Waterfront property owners don’t have free rein with their shorelines, despite a recent court ruling that lowered Lake Coeur d’Alene’s official high water mark.
First District Court Judge Craig Kosonen ruled April 19 that the “ordinary and high water mark” of the lake is 2,121, not 2,128, as the state has claimed for years.
Just days after Kosonen made his ruling, Harrison residents watched workers dump fill dirt near the shoreline of the city-run campground.
Part of the campground washed away in the November and February floods, city officials said.
“We’re trying to get it back to where it was before November,” said Stan Kvern, chairman of the Harrison parks and recreation committee.
But as soon as they started work, state bureaucrats called and told them to stop.
The city is eligible for $51,000 of federal money for the flood damage, but the state Department of Lands warned the mayor that the city can’t use that money to replace lost shoreline.
“I assumed that if I didn’t place fill below 2,121, I didn’t need a permit from them,” said Mayor Dave LePard. “I’ve got plans to recover what I lost and armor it so it doesn’t happen again.”
State officials are concerned that Harrison officials aren’t the only people under the impression that they can dump fill material down to the new “ordinary and high water mark,” and possibly increase the amount of year-round usable waterfront land.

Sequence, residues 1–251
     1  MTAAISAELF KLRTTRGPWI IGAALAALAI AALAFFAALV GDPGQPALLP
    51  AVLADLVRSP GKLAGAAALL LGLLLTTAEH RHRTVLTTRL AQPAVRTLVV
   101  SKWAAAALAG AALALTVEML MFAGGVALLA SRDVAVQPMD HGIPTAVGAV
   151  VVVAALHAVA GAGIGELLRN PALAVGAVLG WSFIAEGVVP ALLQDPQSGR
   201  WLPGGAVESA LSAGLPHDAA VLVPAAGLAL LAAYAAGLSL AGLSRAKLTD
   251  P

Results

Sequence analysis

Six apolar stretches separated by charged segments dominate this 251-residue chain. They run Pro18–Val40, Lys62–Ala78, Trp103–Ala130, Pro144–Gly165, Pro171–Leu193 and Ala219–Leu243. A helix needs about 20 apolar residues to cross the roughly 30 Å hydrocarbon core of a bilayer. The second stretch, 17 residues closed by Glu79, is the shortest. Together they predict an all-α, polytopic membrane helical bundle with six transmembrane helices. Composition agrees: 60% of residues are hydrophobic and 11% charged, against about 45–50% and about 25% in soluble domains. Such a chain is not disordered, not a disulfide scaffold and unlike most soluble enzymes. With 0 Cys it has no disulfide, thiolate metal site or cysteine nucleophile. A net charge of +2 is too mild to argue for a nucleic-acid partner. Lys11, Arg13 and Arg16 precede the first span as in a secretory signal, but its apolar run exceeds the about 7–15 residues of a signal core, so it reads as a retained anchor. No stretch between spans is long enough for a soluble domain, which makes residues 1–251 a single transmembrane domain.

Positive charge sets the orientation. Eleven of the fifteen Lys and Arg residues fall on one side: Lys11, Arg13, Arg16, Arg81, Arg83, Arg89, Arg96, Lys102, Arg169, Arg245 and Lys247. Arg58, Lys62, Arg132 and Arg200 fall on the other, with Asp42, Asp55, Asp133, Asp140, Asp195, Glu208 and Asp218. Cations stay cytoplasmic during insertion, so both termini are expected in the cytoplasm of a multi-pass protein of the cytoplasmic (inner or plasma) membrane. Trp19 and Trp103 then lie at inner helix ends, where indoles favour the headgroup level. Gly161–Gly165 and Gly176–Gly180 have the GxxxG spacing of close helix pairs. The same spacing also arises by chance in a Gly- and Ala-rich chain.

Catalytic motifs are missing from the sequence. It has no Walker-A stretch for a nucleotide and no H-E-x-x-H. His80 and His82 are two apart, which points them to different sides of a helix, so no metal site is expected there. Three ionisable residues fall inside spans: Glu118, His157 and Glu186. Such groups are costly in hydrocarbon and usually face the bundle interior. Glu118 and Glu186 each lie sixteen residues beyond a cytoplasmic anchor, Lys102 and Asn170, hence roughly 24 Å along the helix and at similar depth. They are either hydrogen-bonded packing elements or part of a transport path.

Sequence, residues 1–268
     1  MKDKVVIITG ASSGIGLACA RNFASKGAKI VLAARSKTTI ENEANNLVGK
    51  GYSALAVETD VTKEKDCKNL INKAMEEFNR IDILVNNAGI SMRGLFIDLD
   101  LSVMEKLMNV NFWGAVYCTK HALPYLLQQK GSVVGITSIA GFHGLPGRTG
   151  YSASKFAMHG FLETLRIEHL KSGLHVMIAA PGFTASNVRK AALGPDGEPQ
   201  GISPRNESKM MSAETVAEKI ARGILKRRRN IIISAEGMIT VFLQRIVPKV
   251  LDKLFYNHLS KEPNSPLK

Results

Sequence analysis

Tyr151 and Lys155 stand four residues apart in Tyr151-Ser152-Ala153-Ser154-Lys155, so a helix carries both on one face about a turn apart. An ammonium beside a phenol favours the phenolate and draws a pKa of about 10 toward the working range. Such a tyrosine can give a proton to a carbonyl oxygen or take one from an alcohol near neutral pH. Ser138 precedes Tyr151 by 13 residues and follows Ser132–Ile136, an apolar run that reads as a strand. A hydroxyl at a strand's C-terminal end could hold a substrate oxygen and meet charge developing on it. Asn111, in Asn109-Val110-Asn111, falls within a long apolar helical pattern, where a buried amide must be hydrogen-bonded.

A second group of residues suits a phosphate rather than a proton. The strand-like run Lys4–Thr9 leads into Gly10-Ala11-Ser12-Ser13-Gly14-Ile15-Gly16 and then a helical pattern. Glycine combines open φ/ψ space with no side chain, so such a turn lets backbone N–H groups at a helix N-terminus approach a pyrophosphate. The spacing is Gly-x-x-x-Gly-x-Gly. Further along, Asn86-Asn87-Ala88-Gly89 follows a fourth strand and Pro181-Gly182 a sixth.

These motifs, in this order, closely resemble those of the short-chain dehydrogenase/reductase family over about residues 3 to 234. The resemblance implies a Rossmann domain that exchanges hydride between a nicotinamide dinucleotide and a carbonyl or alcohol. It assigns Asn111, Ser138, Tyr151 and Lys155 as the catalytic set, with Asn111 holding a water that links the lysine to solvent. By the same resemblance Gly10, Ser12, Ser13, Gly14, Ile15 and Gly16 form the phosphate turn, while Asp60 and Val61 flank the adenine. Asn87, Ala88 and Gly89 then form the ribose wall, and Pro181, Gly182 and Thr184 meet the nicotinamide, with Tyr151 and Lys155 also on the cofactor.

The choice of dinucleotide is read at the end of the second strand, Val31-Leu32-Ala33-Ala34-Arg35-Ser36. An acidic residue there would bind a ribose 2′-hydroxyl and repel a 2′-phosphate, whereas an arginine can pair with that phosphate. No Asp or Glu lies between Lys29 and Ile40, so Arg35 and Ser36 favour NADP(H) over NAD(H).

“We’re not going to issue permits to create more property,” said Jim Brady, a navigable water specialist with the Department of Lands.
“When it comes to erosion control, we are very sympathetic to loss, but we can’t allow individuals to reclaim land that has been eroded,” he said.
Anything that extends into the water - docks, seawalls, fences - must have state approval.
That means property owners can erect fences that extend below the 2,128 lake level, “as long as they take them up once the water comes up,” said Steve Schuster, deputy attorney general for the Department of Lands.
“We don’t feel that it (Kosonen’s ruling) somehow gives people license to fill the lake, or put docks out,” Schuster said. “The impact on the public would be the same. The public has the right to go where the water goes.”
Coeur d’Alene City attorney Jeff Jones said he cannot comment on what impact the decision could have on beaches within city limits until he can study the ruling in relation to the city’s shoreline ordinance.
Kosonen’s ruling is expected to have an impact on the Kidd Island Bay dredging project. Nearly the entire bed of the bay is platted and assessed by the county.
The proposed dredging prompted property owner Marvin Erickson to take the state to court in the first place. Erickson owns a small island in the bay that’s under the 2,128-foot level. The island was at risk of being dredged as a part of the project.
Now supporters of the dredging may need permission from all the bay’s property owners to go ahead with the project.
The situation on Lake Coeur d’Alene now is similar to that of Lake Pend Oreille, where the state regulates to an artificial high watermark, although individuals own to several feet below that mark.
While state officials claim the ruling essentially has changed nothing, Erickson’s attorney, John Magnuson, said it has “muddied the waters” when it comes to regulating lakeshore uses.